The Expos (founded 1969) and the Jays (founded 1977) represented efforts to expand the MLB into Canada, and both teams had a reasonably successful first few decades. In 1992 and again in 1993, Toronto became the first (and to date, only) Canadian team to ever win the World Series tournament, but fortunes declined shortly after due to a combination of trades, injuries and strikes, as well as perennial financial and management problems.
Outside of the professional league, however, baseball remains a popular amateur sport in many parts of Canada, particularly among young Canadians who often learn it in grade school. Young Canadians who are interested in playing baseball and need a glove or other baseball equipment can find them online. Softball, which is very similar but not identical to baseball, enjoys comparable popularity in community centres and corporate weekend retreats across the land.
- Toronto Blue Jays history and profile, the Baseball Almanac
- Montreal Expos history and profile, the Baseball Almanac
Basketball’s Canadian fate has been broadly similar to that of baseball, in the sense of being a major American sport that has faced difficulty making inroads north of the border. The country’s only team in the otherwise entirely American-dominated National Basketball Association (NBA) is the Toronto Raptors, a fairly unsuccessful expansion team perhaps best known for starting the career of Vince Carter (b. 1977). A short-lived Vancouver team, the Grizzlies (1995-2001), was even less successful, and quickly traded to Memphis, where they remain to this day. This relative unpopularity is sometimes attributed to Canada’s lack of a large African-American population, a demographic that has traditionally provided some of the sport’s most ardent fans in the United States.
It’s an ironic fate for a sport Canadians frequently take credit for inventing. James Naismith (1861-1939), an Ontario-born physical education teacher and Presbyterian evangelist, helped establish basketball’s modern rules in 1891 during the great “indoor sports” craze of the late Victorian era.
It’s hard to find a sport that’s not played at least somewhere in Canada, and almost all of them have their own uniquely Canadian heroes — though their profiles may be decidedly lower than some of the folks mentioned above.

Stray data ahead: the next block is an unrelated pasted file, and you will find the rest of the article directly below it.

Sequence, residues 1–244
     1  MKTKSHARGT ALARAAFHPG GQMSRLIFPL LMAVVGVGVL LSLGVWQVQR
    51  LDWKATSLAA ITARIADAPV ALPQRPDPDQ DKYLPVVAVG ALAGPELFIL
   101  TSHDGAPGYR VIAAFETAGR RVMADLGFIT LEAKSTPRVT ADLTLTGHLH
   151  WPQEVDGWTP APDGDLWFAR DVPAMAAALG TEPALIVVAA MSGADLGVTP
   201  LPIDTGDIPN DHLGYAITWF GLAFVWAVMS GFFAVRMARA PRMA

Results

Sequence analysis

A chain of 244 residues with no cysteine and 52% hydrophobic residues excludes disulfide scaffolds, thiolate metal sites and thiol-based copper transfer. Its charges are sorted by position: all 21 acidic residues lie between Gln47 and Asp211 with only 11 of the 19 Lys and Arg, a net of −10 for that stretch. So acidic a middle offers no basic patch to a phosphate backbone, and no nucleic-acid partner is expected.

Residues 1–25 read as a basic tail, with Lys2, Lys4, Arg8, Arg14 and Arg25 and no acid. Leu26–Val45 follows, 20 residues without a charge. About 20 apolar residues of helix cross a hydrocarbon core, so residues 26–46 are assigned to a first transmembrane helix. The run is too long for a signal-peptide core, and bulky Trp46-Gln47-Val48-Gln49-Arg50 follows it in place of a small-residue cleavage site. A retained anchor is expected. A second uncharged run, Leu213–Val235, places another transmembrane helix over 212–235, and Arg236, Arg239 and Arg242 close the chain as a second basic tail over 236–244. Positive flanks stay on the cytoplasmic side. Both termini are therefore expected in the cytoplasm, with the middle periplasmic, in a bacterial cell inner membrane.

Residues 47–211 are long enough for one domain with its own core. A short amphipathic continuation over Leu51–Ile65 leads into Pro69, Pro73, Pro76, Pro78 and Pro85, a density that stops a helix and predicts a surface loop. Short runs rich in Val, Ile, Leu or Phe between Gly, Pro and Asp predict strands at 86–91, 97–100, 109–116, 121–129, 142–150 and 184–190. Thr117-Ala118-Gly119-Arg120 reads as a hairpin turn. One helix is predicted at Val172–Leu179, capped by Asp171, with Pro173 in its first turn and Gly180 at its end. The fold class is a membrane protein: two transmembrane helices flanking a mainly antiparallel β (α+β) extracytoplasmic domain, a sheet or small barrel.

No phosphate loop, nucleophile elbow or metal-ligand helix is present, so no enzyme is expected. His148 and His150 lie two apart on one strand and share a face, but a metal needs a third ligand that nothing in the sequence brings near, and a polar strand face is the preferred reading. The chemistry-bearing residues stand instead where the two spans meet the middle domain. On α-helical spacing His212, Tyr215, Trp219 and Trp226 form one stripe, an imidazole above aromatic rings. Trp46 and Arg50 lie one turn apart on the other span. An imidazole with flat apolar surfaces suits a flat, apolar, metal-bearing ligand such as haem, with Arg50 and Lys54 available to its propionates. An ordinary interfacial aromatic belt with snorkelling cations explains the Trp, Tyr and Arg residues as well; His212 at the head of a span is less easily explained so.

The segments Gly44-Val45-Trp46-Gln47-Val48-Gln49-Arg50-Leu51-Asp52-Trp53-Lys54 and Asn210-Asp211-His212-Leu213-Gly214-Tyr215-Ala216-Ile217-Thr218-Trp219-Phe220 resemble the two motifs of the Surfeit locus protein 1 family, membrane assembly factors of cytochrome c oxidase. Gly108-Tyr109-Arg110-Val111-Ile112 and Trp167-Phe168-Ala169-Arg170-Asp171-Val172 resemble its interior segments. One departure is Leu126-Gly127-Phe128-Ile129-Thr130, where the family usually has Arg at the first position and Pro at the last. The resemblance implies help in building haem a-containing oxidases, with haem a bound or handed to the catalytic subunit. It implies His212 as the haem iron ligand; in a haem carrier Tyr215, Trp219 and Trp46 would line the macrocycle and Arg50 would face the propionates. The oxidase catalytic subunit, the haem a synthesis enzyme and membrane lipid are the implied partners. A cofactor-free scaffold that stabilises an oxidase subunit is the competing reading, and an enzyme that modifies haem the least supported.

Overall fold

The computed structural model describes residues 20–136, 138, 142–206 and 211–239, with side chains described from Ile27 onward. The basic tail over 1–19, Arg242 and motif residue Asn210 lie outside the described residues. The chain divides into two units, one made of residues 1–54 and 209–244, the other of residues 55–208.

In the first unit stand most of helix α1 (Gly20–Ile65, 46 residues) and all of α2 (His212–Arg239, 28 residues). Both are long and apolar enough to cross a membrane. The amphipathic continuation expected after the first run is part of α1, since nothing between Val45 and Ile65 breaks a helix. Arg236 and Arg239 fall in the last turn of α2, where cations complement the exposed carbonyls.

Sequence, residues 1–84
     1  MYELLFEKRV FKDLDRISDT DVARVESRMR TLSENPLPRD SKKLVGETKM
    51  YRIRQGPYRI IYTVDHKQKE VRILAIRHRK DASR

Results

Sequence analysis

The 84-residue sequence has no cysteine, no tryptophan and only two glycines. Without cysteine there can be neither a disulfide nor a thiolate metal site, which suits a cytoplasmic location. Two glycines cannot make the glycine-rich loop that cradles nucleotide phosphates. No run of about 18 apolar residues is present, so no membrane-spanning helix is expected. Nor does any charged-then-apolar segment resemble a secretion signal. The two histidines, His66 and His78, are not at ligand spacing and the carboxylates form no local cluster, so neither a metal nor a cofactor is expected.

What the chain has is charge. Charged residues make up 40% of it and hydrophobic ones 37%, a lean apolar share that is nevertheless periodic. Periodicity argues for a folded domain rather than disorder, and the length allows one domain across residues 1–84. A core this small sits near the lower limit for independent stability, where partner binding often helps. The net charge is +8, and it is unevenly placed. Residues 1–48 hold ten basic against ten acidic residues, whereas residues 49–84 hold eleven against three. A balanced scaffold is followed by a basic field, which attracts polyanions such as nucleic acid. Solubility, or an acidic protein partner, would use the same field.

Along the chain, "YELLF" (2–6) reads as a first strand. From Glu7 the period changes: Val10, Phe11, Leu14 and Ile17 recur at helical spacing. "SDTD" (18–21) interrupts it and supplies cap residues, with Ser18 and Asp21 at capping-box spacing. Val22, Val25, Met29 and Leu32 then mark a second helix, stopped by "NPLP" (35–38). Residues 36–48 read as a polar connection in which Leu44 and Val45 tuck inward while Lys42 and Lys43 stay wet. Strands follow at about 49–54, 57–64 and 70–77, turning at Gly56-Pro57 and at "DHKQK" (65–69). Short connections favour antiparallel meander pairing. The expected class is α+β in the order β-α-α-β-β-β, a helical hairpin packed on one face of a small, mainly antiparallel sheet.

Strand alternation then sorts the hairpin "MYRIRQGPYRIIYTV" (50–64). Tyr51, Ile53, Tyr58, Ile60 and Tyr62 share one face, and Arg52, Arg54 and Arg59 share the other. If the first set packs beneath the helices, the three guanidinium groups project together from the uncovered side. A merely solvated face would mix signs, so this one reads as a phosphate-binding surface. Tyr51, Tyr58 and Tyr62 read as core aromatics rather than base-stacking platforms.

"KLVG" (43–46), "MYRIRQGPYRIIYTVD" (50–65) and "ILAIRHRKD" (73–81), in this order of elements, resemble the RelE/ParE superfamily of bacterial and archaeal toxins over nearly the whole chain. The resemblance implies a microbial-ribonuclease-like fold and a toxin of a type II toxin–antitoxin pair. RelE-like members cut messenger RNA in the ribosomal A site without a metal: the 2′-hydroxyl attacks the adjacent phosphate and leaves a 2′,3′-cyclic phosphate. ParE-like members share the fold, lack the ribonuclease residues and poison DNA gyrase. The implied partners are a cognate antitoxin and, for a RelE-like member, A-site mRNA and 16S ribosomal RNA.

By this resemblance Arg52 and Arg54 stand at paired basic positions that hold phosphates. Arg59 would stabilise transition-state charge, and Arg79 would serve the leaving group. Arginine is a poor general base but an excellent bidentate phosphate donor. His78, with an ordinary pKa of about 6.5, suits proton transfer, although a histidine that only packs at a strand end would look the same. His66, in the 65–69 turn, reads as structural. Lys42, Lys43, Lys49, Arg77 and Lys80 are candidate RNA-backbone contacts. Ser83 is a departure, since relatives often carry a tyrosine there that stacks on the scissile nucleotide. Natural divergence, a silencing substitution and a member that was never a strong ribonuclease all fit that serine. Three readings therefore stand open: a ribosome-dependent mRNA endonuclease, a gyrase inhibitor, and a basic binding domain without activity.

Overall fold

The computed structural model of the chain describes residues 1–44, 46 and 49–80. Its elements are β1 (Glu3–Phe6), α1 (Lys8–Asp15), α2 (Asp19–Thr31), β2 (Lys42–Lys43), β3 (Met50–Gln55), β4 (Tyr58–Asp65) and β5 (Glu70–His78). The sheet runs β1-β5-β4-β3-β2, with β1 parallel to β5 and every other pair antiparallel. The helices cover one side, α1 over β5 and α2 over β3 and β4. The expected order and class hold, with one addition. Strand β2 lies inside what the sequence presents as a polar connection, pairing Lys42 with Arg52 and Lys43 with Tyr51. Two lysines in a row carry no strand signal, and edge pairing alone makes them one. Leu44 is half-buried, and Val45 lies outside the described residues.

Skating has long been both a casual pastime and competitive sport in Canada, and the two most decorated Canadian Olympians of all time, Clara Hughes (b. 1972) and Cindy Klassen (b. 1979), are both speed skaters.
Skiing, of both the cross-country and downhill variety, is one of Canada’s major entertainment industries, and every year thousands of tourists join locals to participate in the long Canadian ski season, which usually lasts from November to April. The rocky mountain provinces of British Columbia and Alberta are home to some of the world’s largest and most glamorous ski resorts, with a few smaller-scale ones in Quebec as well.
Other sports that have some degree of mainstream popularity in modern Canada include golf, volleyball, tennis, rugby, boxing, swimming, wrestling, track and field, rowing, mountain climbing, cycling and bowling. Most major Canadian cities will have some manner of organized league for all of them.
Canada and the Olympics
Canada is a vastly uneven country when it comes to the Olympic Games, winning huge during the winter games but lagging quite far behind in the summer tournament. This is a fairly predictable outcome for a nation which specializes so heavily in winter sports, and has resulted in the Winter Olympics being a much more patriotic and exciting time for the country as a whole.
Three times in Olympic history have the games featured a Canadian host city: Montreal (summer, 1976), Calgary (winter, 1988) and Vancouver (winter, 2010). As is so often the case with the Olympics, all three cities experienced both glory and controversy during the course of their hosting duties, and all are still wallowing, in some form or another, in the consequences of both.